Sharing video with friends can be a pain. I can’t count the number of times I’ve waited for minutes on end just to have Facebook tell me the upload failed for some unknown reason or another. And while it’s easy to upload to YouTube, it isn’t connected to my social graph and the videos just float out there in the void.Justin.tv, the live streaming video site, has taken a crack at socially sharing video with Socialcam, an app that could quickly become as popular for sharing video as Instagram became for sharing pictures. The Rise and Rise of Mobile Payment Technology Related Posts mike melanson Tags:#mobile#Video Services#web What it Takes to Build a Highly Secure FinTech … The first thing you might notice upon opening Socialcam is just how similar it is to Instagram. You login with Facebook, the app suggests some friends, and you’re off. The app is bare-bones simple. There’s a feed of all of your friends’ videos, a feed of your videos, a feed of followers and friends, and a camera button to record video. When you record a video, you can title it, choose what networks to share it on (Facebook, Twitter, email and SMS) and you’re good to go. The moment you finish recording and decide to share the video, the app begins uploading the video in the background, that way you don’t have to wait around at the end while it uploads. You’re busy adding a title, description and even tagging friends while it handles the upload. Videos can be of any length and size, and the app must be doing some decent compression, because the video upload took no time at all.Just like Instagram, the app also allows for the most basic, yet necessary, level of interaction. Friends can comment and “like” videos and that’s about it. It might be the perfect level of simplicity and features, which is a formula for winning. Socialcam is available for both iPhone and Android. Why IoT Apps are Eating Device Interfaces Role of Mobile App Analytics In-App Engagement
Former Barcelona star RonaldinhoRonaldinho and Kaka were left out of Brazil’s 23-man squad for the 2014 football World Cup on Wednesday as coach Luiz Felipe Scolari kept faith in his 2013 Confederations Cup-winning team.Former Barcelona star Ronaldinho has struggled with form and fitness for Brazil’s Atletico Mineiro football club and was not expected to make Scolari’s squad for football’s showpiece tournament in Brazil, to be played from June 12 to July 13.Kaka was considered an outside chance for his fourth World Cup campaign, having resurrected his career at AC Milan this season after four unhappy years at Real Madrid.Scolari, who led Brazil to victory at the 2002 World Cup during his first spell in charge, urged Brazil fans to unite behind the national team.”We ask that the 23 players called up are well-received regardless of people’s opinions,” Xinhua quoted Scolari as saying during a press conference in Rio de Janeiro. “We all want to be going in the same direction, which is to win the World Cup.”Scolari, who controversially omitted Romario from his 2002 squad, admitted the 2014 list was easier to choose.Scolari insisted the team is not looking beyond its first match against Croatia on June 12.”The biggest rival is Croatia. It doesn’t get us anywhere thinking about the final if we don’t get over the first step,” he said.Brazil’s squad will gather on May 26 at their training base in Granja Comary, north of Rio de Janeiro.Scolari’s team earned favouritism to win a record sixth World Cup after upsetting world and European champions Spain 3-0 in last year’s Confederations Cup final. They have been drawn in Group A alongside Croatia, Mexico and Cameroon.advertisementBrazil World Cup squad:Goalkeepers: Julio Cesar (Toronto FC), Jefferson (Botafogo), Victor (Gremio).Defenders: Daniel Alves (Barcelona), Maicon (Roma), Marcelo (Real Madrid), Maxwell (Paris Saint-Germain), David Luiz (Chelsea), Thiago Silva (Paris Saint-Germain), Dante (Bayern Munich), Henrique (Napoli).Midfielders: Luiz Gustavo (Wolfsburg), Paulinho (Tottenham), Ramires (Chelsea), Fernandinho (Manchester City), Oscar (Chelsea), Willian (Chelsea), Hernanes (Internazionale), Bernard (Shakhtar Donetsk).Forwards: Fred (Fluminense), Neymar (Barcelona), Hulk (Zenit St Petersburg), Jo (Atletico Mineiro).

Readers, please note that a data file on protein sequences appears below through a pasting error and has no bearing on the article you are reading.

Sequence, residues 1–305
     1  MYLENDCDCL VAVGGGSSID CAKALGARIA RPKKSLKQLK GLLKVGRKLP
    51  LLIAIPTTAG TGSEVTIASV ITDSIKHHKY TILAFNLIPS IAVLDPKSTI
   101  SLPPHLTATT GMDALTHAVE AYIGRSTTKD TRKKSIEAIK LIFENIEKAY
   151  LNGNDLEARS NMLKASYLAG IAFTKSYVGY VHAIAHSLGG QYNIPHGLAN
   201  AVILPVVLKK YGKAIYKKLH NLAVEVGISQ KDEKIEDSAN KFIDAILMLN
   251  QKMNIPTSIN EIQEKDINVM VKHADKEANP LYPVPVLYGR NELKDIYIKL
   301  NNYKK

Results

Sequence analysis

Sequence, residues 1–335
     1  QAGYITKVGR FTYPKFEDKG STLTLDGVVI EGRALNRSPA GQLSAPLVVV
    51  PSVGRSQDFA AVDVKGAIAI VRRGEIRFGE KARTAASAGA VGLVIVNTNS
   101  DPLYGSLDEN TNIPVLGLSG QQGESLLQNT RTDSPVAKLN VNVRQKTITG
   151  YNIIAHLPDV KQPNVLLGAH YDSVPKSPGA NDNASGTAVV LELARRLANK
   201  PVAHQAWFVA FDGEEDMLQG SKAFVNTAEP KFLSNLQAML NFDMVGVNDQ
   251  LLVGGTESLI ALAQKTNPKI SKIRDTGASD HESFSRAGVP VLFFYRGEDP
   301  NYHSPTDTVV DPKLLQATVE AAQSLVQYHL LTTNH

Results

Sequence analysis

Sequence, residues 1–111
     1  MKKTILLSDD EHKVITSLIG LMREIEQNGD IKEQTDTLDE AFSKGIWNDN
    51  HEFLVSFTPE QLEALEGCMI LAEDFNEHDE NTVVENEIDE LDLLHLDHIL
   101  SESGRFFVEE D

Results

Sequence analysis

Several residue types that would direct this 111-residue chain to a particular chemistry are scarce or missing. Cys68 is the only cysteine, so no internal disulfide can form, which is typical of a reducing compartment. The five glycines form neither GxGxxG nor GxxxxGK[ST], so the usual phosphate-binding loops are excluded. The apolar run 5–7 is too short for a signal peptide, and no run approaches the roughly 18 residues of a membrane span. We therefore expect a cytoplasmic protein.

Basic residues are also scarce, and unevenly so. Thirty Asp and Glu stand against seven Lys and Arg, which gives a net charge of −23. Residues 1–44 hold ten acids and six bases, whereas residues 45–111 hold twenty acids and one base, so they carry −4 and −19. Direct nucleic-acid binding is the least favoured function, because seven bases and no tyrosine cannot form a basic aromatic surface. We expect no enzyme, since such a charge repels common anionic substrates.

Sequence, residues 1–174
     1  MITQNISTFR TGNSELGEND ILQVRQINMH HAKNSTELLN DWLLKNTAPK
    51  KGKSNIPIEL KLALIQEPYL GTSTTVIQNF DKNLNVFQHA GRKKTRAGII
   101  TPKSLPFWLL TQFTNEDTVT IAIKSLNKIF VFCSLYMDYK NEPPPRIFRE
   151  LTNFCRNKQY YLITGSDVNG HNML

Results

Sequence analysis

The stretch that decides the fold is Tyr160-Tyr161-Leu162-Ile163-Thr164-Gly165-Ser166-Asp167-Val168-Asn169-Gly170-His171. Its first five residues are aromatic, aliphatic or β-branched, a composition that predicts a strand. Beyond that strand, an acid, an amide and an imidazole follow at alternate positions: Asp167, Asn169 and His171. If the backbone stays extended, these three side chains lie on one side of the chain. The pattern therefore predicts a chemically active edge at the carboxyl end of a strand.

Chelsea boss Maurizio Sarri ruled out Pedro for their game against Crystal Palace on Sunday with Callum Hudson-Odoi a doubtThe Blues are looking to build on their 2-1 Boxing Day win at Watford in order to maintain their slender two-point advantage over Arsenal in fourth place.However, Sarri announced that Spanish winger Pedro will not travel with the team to Selhurst Park due to a hamstring problem and will likely need 10 days rest.Furthermore, 18-year-old forward Hudson-Odoi could also skip the Premier League match after being forced off during the closing stages at Watford with a thigh injury“We have two problems, the first is more serious with Pedro,” said Sarri on the club website.“He has an injury in his hamstring and I think that he will have to rest for about 10 days.Jose Mourinho is sold on Lampard succeeding at Chelsea Tomás Pavel Ibarra Meda – September 14, 2019 Jose Mourinho wanted to give his two cents on Frank Lampard’s odds as the new Chelsea FC manager, he thinks he will succeed.There really…“The second problem is Odoi, it’s not very serious but I don’t know if he will be able to play in the next match.”Although Sarri did provide some good news over Spanish striker Alvaro Morata’s recovery from his knee injury.The former Real Madrid player hasn’t featured for Chelsea since their 2-2 Europa League draw at MOL Vidi on December 13.“Morata now is going very well, he is fit to play. It was only a tactical choice [to not play him against Watford,” said Sarri.The Palace and Chelsea match will begin at 13:00 (CET) on Sunday.